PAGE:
Work Title: Bravura Breakfasts . . . Power People . . . and a Demure Critic
Work Author(s): Peter Skinner
Byline: Peter Skinner
For millions, World War II crippled the great English breakfast: food and fuel rationing reduced it to costive sludge, insulation against damp rather than nutrition. Though today's diet-consciousness will preclude Devonshire White Pudding ("take a pound of pork fat, a half-pint of clotted cream, a quarter-pound of sugar and six egg-yolks"), caviar, broiled sweetbreads, etc., from burdening the table, Kaori O'Connor has gloriously resurrected these and other delights in her splendid book The English Breakfast: The Biography of a National Meal with Recipes, (Kegan Paul, 498 pages, illustrated, hardcover, $110, 978-0-7103-1222-8).
Dr. O'Connor, an American-born anthropologist at University College, London, traces the evolution of the meal that, from the mid-seventeenth to the late twentieth century, fortified far-flung servants of Empire, fox-hunting aristocrats, merchants and---with more boiled beef than Scotch woodcock---the average laboring Briton. Big breakfasts came in slowly; until about 1500 most people below the squirearchy had only a snack before the noontime meal---though the Romans and other invaders had enriched the national larder.
The three nineteenth-century "breakfast recipe books" that Dr. O'Connor reproduces in full astound by their gastronomic excess: lobster cutlets, sheep's tongue, and anchovy canapes are standard fare. This volume is a must-bring for any health-spa stay where Melba toast and low-fat milk reign supreme. Adding to its voluptuous content, many recipes, and useful bibliography is the book's handsome Victorian design and typography---recalling an era when breakfast was a serious matter.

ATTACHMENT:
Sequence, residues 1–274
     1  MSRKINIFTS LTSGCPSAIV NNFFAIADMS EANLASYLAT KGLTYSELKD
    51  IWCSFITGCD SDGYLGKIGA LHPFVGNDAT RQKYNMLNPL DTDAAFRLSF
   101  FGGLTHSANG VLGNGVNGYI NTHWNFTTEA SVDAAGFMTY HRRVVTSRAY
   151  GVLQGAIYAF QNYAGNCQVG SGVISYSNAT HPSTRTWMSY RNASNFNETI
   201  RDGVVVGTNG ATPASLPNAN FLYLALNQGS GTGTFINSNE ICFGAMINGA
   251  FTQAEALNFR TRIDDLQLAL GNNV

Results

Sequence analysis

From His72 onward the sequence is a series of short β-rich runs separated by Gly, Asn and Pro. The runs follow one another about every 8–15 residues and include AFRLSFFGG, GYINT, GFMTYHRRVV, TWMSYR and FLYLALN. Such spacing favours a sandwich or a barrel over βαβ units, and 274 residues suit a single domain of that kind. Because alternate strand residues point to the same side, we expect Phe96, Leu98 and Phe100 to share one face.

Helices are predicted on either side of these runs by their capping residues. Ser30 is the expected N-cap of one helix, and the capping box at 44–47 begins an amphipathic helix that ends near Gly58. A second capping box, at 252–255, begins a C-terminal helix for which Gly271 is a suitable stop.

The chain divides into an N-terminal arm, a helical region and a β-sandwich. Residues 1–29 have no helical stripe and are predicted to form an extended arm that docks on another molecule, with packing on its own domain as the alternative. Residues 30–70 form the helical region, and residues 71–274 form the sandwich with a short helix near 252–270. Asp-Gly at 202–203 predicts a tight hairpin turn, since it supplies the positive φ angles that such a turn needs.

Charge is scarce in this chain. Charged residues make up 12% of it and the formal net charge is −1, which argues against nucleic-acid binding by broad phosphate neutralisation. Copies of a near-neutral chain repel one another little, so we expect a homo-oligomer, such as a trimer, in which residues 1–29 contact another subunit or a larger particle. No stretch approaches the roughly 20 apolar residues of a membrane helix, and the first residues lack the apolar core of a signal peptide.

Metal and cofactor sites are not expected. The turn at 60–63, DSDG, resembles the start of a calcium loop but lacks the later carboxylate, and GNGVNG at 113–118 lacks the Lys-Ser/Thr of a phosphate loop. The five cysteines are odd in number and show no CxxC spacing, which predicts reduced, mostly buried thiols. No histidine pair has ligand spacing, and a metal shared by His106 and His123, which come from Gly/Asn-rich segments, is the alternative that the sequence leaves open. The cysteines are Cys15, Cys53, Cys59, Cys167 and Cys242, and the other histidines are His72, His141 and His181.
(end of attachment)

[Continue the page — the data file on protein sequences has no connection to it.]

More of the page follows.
In his rewarding book It (University of Michigan Press, 260 pages, 25 illustrations, hardcover, $60.00, 978-0-472-09936-8; softcover, $19.95, 978-0-472-06936-1) Joseph Roach, a professor of theater at Yale, provides an intellectual feast. He explores the elements, operation, and durability of the "It" factor---that indefinable magnetism some individuals project---in theater or on the stage of public affairs. He ranges from the Restoration, with Charles II, Nell Gwyn, Pepys, through such early Hollywood powers as Elinor Glyn and Clara Bow, to Mrs. Thatcher and Princess Diana. All became larger than life, magnified by the white heat of the popular interest they ignited.
"It" is essentially a...